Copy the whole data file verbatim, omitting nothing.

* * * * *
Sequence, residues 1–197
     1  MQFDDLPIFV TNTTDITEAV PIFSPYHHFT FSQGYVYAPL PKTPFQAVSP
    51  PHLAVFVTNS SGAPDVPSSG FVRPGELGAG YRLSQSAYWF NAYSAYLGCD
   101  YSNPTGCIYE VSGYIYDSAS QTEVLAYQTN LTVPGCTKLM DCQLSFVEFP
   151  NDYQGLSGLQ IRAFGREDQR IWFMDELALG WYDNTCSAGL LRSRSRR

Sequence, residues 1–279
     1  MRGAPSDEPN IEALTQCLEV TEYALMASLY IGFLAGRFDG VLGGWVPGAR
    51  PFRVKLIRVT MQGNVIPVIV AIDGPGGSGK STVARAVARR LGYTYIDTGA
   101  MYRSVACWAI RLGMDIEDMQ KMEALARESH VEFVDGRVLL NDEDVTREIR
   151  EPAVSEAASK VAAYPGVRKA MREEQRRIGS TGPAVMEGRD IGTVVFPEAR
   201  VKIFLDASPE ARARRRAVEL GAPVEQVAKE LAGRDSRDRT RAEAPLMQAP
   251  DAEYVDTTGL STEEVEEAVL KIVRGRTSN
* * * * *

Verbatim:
Sequence, residues 1–197
     1  MQFDDLPIFV TNTTDITEAV PIFSPYHHFT FSQGYVYAPL PKTPFQAVSP
    51  PHLAVFVTNS SGAPDVPSSG FVRPGELGAG YRLSQSAYWF NAYSAYLGCD
   101  YSNPTGCIYE VSGYIYDSAS QTEVLAYQTN LTVPGCTKLM DCQLSFVEFP
   151  NDYQGLSGLQ IRAFGREDQR IWFMDELALG WYDNTCSAGL LRSRSRR

Sequence, residues 1–279
     1  MRGAPSDEPN IEALTQCLEV TEYALMASLY IGFLAGRFDG VLGGWVPGAR
    51  PFRVKLIRVT MQGNVIPVIV AIDGPGGSGK STVARAVARR LGYTYIDTGA
   101  MYRSVACWAI RLGMDIEDMQ KMEALARESH VEFVDGRVLL NDEDVTREIR
   151  EPAVSEAASK VAAYPGVRKA MREEQRRIGS TGPAVMEGRD IGTVVFPEAR
   201  VKIFLDASPE ARARRRAVEL GAPVEQVAKE LAGRDSRDRT RAEAPLMQAP
   251  DAEYVDTTGL STEEVEEAVL KIVRGRTSN